Tactics over Techs
One small pet peeve I have is the obsession over new moves. I’m not big into the philosophy that the key to BJJ success is surprising someone with a killer move or bamboozling them with a vast array of sweeps/locks/submissions. IMHO, it’s probably better to look at the tactics employed by elite players and what is consistently working for them. Yes, sometimes it might be a single killer move, but often it’s a strategy/gameplan that unfolds over and over that employs relatively simple moves that is the “secret” to a competitor’s success. While I think it is important to have a decent “move vocabulary” when you are starting out, I personally find one of the biggest obstacles to success/”the next level” for the beginner is chasing “moves”/”staying up to date with the latest”. A series of unconnected moves might actually be a detriment as it might lead to paralysis analysis during actual live situations.
Michelle is an elite player that has a game/strategy based of a few basic moves but she has combined them well using one main move that links them all. Her situp sweep variant is just one move off her core strategy which I will now extrapolate on in this entry.
Shin/Spider Creates a Mechanically Powerful Lever
Digging in with the shin/butterfly side and kicking out with your spider creates a very powerful lever that gets someone off their feet. Even if the person is based down and bigger than you, this works as you are bringing your hips into the action to “rock” him/her over you. This simple motion gets a lot of knee passers off their defensive base and puts you into position to initiate some kind of attack or at least force a retreat from them. Michelle is a master at “leading” the action this way, forcing you to have to deal with this lever constantly if you let her lock on shin/spider. The shin/butterfly foot is critical here , as unlike Lo’s DLR hook which shoots in between and cannot be brought as efficiently into the “jacking up” motion, the shin contact allows you to keep pushing against something (opponent’s shin/thigh) as you jack someone up with the spider side and get under them.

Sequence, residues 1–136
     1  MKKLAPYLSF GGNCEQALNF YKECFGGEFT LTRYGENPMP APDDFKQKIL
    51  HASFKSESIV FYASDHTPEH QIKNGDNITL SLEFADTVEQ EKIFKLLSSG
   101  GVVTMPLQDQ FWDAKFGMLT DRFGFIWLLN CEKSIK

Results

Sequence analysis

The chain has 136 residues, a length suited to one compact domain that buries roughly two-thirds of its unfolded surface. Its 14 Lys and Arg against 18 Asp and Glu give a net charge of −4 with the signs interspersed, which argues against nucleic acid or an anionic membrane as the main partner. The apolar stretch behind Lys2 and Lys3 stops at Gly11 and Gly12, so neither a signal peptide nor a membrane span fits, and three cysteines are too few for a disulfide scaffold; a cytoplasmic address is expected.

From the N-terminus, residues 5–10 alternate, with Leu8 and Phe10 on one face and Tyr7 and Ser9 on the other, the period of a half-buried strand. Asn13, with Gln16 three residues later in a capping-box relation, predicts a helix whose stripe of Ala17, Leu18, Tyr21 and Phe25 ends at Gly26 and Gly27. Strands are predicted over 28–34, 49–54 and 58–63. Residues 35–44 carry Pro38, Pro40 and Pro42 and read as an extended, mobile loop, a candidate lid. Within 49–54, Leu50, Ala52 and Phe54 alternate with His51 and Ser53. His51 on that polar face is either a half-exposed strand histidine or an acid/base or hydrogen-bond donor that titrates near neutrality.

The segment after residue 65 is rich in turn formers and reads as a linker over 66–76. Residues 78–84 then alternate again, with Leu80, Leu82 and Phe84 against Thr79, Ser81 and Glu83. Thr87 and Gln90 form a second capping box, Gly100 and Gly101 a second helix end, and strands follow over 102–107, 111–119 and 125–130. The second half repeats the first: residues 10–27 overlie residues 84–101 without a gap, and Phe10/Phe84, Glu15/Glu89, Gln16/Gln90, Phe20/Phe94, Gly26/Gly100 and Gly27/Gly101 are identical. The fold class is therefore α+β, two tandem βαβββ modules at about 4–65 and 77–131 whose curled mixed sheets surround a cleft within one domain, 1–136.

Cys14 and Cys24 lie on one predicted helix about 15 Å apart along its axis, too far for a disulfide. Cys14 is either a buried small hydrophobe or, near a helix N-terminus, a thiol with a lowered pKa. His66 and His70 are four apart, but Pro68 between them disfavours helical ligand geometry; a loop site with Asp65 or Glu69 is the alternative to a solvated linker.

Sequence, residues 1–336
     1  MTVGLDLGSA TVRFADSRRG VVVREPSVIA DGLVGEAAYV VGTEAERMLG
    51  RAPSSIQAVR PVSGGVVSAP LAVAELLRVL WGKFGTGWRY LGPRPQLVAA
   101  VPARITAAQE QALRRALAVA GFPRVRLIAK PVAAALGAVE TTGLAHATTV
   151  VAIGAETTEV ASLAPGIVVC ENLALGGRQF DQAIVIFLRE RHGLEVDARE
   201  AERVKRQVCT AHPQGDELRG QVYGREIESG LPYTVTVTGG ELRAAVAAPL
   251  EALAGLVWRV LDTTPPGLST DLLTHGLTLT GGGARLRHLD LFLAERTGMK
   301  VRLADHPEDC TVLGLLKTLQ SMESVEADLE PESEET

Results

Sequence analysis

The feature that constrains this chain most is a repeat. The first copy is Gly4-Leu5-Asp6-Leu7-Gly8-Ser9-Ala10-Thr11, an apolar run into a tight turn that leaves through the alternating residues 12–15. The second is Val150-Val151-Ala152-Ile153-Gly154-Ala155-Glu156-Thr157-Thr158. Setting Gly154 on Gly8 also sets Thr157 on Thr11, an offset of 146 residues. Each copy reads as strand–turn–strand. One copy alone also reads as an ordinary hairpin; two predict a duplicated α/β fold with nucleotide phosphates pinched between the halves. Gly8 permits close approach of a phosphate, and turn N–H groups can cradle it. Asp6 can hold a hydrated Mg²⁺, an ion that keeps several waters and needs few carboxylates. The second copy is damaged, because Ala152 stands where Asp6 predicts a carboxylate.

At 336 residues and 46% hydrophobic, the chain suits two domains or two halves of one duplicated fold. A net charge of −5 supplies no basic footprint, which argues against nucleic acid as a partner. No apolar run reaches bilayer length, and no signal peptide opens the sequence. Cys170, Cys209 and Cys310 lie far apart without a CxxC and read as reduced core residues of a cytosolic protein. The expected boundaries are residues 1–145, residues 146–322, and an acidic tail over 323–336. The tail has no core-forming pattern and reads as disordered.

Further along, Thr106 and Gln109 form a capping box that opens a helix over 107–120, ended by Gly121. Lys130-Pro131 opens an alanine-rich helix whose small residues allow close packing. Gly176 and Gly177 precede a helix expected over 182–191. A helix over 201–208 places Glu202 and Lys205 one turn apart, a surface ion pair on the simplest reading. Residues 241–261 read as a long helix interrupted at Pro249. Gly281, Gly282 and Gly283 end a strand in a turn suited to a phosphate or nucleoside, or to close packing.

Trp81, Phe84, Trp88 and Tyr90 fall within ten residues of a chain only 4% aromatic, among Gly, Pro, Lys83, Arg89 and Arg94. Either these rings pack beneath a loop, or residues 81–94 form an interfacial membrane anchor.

(Lever in action, jacking up an opponent).
Bad Choices left if you get Levered Up
Michelle’s guard strategy is centered around this shin/spider lever, using it’s levering action to initiate the action vs her opponents. Based on how they react a lot of her other moves then come into play. The sequences are quite well defined so if this strategy interests you, you can always watch her matches to pick up the finer details on the other scenarios that might arise aside from the main ones I cover here and in the video.
So as I was saying, if you get levered/lifted off the floor, getting pitched forward and swept now becomes a real danger. The shin elevator now becomes an obstacle, keeping your foot off the floor and the whole “weak plane/strong plane” concept disappears. You are now on a point and extremely unstable. This leads to being swept unless you do something:
1) Accept getting pitched forward
2) Retreat/posture out
(1) is especially unpleasant as once loaded up, you are basically helpless. Michelle is a “sub over points” competitor so while getting the sweep is one option, she frequently “releases” the shin elevator so that you drop into the triangle/armbar/omaplata. Letting her lock on this guard and repeatedly hoisting you up and dropping you into a triangle is something many get stuck in (hence triggering the impetus to stand/retreat).
Michelle can activate an even more powerful lever with the sleeve/lapel version of shin/spider. The lapel grip now brings you closer to the hips and allows you to really dig under and lever up someone who is determined to stay based down or bigger. This lapel grip frees one hand to post, but this is frequently a trap for many who try to accept being levered and post to stop the sweep. Once you post, the pesky shin elevator now shoots up for the triangle. If you are still too far, Michelle’s shin goes to the hip and the spider sleeve leg does the shooting up to lock the triangle on.